According to Aristotle, the appeal of tragedy, at its foundation, is katharsis: a purgation of the emotions pity and fear (Kennedy and Gioia 1203). Although scholars do not entirely agree on his meaning, it seems Aristotle had observed something that rings true today: that witnessing a person falling from the apex of achievement, to become humbled and utterly ruined, is inexplicably pleasurable. This is seldom more obvious today than in the keen attention paid to politicians embroiled in scandal, or celebrities having public meltdowns. Like the dramatic tragedies throughout the ages, those observing cannot help but become transfixed. When observed in literature or television it is harmless entertainment, often prompting deep reflection. When played out in the real world, it becomes a guilty pleasure. It often arouses disgust, yes, but also pity and fear.
In Aristotle’s view, the protagonist of a tragedy must be someone whose misfortune could impact many, such as “a king or queen or other member of the royal family” (Kennedy and Gioia 1203). In some ways, it is inarguably it is more dramatic to witness the downfall of a person of great importance, as the resultant mess is quite spectacular. However, Arthur Miller’s Death of a Salesman is evidence that the tragic descent of the common man can be equally riveting. Moreover, if a proper tragedy should cause the audience to experience fear and pity, the ruination of an unremarkable person should hit much closer to home. Despite being separated by 2400 years, and having vastly different contexts, the tragedies Death of a Salesman and Oedipus the King both tell the story of a man doomed by too much pride and too little information.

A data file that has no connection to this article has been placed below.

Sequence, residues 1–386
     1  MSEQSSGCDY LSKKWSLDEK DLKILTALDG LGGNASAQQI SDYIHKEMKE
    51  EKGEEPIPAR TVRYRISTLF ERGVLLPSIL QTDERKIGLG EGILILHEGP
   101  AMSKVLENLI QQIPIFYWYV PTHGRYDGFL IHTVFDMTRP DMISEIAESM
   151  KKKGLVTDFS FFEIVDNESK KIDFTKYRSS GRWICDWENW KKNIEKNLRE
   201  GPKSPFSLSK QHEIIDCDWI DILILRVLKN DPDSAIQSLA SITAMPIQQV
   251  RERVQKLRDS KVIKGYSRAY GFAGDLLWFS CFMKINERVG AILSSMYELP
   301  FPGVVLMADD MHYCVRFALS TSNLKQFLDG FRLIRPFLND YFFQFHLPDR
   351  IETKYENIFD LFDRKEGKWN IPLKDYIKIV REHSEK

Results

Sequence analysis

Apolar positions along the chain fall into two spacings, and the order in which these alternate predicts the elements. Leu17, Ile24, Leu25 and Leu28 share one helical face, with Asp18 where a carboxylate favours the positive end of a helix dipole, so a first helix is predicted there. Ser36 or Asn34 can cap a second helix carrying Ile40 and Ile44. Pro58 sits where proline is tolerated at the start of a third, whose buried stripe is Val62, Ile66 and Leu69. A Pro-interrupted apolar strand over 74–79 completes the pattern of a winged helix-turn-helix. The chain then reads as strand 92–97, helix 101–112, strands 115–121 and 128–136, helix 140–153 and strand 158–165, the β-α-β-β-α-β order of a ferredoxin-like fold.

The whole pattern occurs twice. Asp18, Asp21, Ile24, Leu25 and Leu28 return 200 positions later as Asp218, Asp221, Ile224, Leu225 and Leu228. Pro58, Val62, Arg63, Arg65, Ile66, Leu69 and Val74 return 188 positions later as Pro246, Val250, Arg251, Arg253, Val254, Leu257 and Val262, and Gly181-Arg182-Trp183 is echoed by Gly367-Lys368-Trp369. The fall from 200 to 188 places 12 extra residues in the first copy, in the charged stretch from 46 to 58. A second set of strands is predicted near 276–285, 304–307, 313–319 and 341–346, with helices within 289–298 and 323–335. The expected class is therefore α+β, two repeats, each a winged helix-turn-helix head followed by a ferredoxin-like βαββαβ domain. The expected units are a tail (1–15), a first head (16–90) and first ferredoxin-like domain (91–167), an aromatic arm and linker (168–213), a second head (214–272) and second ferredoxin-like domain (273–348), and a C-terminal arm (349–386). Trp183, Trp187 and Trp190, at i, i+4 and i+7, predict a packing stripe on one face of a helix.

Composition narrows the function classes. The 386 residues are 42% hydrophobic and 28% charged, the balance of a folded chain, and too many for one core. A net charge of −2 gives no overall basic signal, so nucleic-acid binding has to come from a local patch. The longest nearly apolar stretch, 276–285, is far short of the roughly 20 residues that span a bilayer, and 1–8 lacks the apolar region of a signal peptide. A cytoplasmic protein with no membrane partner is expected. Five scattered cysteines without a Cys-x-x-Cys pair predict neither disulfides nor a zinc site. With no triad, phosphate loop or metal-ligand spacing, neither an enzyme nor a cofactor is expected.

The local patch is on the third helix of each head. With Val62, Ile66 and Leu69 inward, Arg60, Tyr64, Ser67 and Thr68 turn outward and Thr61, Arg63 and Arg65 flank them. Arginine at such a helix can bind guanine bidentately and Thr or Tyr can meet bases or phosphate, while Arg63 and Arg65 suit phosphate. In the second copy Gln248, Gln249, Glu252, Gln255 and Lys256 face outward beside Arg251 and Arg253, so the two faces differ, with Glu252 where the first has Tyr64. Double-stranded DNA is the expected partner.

In experiencing the unravelling of the lives of both Sophocles’ incestuous hero, King Oedipus, and Arthur Miller’s piteously vitriolic Willy Loman, the reader will almost certainly be stirred to empathy. Both men are condemned by things that they do not understand. For Oedipus, his ignorance of his lineage is his primary fault, ultimately leaving him “damned in his birth, in his marriage damned, [d]amned in the blood he shed with his own hand” (Sophocles 1235). Even with the knowledge that he was destined to kill his father and wed his mother, his ignorance of his birth is his undoing. Willy’s ignorance is less tangible: he doesn’t understand what it takes to become successful, nor does seem to have a flexible definition of what success is. His narrow view precludes him from finding work he enjoys, robs him of time with his family, and leave him alienated from his adult children. This leaves him doubly bitter at the end, as he has emerged a failure, and he hasn’t even enjoyed life along the way. While neither man is truly blameless in his troubles, it is difficult to suppress empathy for those who are ruined by ignorance. Neither man could know that he did not know.
Likewise, both men are confronted with truths over the course of the story which they failed...